IN MEMORIAM

David Gale

Professor of Mathematics, Economics, and

Industrial Engineering and Operations Research, Emeritus

UC Berkeley

1921 – 2008

David Gale, a professor emeritus of mathematics at the University of California, Berkeley, and a puzzle lover who made fundamental contributions to economics and game theory, died March 7, 2008, following a heart attack.

David’s “intellectual depth, originality of insight, and thorough liveliness were apparent from the beginning and have remained a source of joy and inspiration to all of us. His life’s influence is a permanent heritage,” wrote Kenneth Arrow, professor emeritus of economics at Stanford University and 1972 winner of the Nobel Prize in economics.

Gale was born December 13, 1921, in Manhattan and grew up in and around New York City. He attended Swarthmore College and graduated with a B.A. in 1943, obtained an M.A. from the University of Michigan in 1947, and earned his Ph.D. from Princeton University in 1949.

After a yearlong stint as an instructor at Princeton, he joined the Brown University mathematics department in 1950, where he remained until 1965 except for a year’s sabbatical at the RAND Corporation in Santa Monica, California. Following a yearlong Miller Professorship at UC Berkeley, he was appointed a professor in both mathematics and operations research in 1966. He also was appointed to the economics faculty in 1967.

For nearly 60 years, Gale played a leading role in developing theory of fundamental importance to economic and operations research. In particular, he authored papers in game theory and mathematical programming that have had a lasting impact. In addition, he was renowned for his ability to present his results in short papers combining precision and rigor with elegant style.

Gale’s 1960 book, The Theory of Linear Economic Models, is a widely used reference work on linear optimization that brought to a broad audience ideas developed in the 1950s by Gale and his coauthors Harold W. Kuhn and Albert W. Tucker. In recognition of this work, they shared the 1980 John von Neumann Theory Prize (for fundamental contributions to operations research). According to the prize citation, “Their research played a seminal role in laying the foundations of game theory, linear and non-linear programming—work that continues to be of fundamental importance to modern operations research and management science.”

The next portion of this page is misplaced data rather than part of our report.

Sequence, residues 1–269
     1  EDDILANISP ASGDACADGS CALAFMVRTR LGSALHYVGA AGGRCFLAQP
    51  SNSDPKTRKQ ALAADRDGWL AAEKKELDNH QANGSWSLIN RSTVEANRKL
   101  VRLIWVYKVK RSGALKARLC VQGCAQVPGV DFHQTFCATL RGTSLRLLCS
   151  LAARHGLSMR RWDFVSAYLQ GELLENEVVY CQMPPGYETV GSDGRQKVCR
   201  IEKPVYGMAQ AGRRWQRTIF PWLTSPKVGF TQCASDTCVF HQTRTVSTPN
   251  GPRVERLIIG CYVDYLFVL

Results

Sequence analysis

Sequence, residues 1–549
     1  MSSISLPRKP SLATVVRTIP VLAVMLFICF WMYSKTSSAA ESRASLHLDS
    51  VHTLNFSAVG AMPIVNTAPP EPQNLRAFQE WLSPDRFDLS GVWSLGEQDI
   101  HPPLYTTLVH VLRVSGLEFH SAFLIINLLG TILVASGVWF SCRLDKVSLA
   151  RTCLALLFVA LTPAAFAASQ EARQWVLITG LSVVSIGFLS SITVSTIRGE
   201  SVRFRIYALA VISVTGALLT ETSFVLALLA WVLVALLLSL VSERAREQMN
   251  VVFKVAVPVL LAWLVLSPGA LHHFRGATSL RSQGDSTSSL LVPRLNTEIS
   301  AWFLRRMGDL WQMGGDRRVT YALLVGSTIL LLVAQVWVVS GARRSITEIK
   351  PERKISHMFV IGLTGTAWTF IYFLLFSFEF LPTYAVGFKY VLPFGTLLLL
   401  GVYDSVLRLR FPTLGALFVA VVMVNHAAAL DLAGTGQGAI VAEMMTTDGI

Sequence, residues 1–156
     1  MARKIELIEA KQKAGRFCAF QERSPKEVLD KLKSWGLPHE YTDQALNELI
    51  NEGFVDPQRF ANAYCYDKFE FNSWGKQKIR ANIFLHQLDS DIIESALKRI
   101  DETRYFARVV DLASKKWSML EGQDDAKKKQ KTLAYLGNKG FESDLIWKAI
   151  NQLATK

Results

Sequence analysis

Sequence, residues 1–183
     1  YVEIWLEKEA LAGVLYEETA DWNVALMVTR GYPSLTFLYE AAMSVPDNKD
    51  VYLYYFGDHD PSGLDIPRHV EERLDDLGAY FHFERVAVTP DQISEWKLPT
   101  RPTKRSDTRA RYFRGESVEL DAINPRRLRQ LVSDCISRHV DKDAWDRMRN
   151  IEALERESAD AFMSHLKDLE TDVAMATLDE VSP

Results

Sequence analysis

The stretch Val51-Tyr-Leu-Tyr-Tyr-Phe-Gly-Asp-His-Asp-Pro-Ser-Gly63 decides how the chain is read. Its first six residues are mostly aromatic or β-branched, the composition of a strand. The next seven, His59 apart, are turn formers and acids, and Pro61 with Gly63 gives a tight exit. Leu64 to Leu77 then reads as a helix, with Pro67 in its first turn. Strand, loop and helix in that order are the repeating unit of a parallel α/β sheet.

With Lloyd S. Shapley, now professor emeritus of mathematics and economics at the University of California, Los Angeles, Gale published an influential paper on the so-called stable matching or stable marriage problem. Gale and Shapley proved that, given an equal number of men and women who rank one another in terms of romantic interest, it is possible so to pair them in marriage that no two people would rather be married to each other than to their partners. They also provided an algorithmic procedure to find such a stable marriage. Gale and Shapley’s theoretical work on this problem legitimized a procedure used to match newly graduated doctors to hospital residency programs. The paper generated an enormous literature, and variations of the matching algorithm are used to match students to schools.

Sometime in the ‘70s, Gale became convinced that the world needed a hands-on math museum, and he constructed at home several rudimentary exhibits and puzzles out of bicycle chains, rubber, and wood to demonstrate principles of mathematics and geometry. In 2003, he translated this idea to the Internet as “MathSite” (http://mathsite.math.berkeley.edu), which he promoted as “an interactive source for seeing, hearing,

doingmathematics.” For this he received the 2006 PirelliInternetional Award for multimedia communication of mathematics .Gale also invented mathematical games, including Bridge-It, also known as the “Game of Gale,” and Chomp, which can be played with a bar of chocolate.

After his retirement from teaching, Gale began writing a recreational math column in the magazine

Mathematical Intelligencer. He collected these columns in his 1998 book,Tracking the Automatic Ant and Other Mathematical Explorations.Gale was elected to the National Academy of Sciences in 1983, received the Lester Ford Prize (for outstanding mathematical exposition) in 1980, and was named a fellow of the Econometric Society, the Center for Advanced Study in Behavioral Sciences, and the American Academy of Arts and Sciences. He received a second Miller Professorship in 1971; a Fulbright Research Fellowship in Denmark in 1953 (where he met his former wife Julie B. Skeby); and two Guggenheim Fellowships, in 1962 and 1981.

Gale was an avid composer of chess puzzles, skier, tennis player, traveler and jazz aficionado.

He lived in Berkeley and in Paris, France, with his partner Sandra Gilbert, renowned feminist literary scholar and poet. He had three daughters (Kirsten Gale Cutler, Karen Gale, and Katharine Gale), and two grandsons.

Ilan Adler

Jacob Feldman

Joel Sobe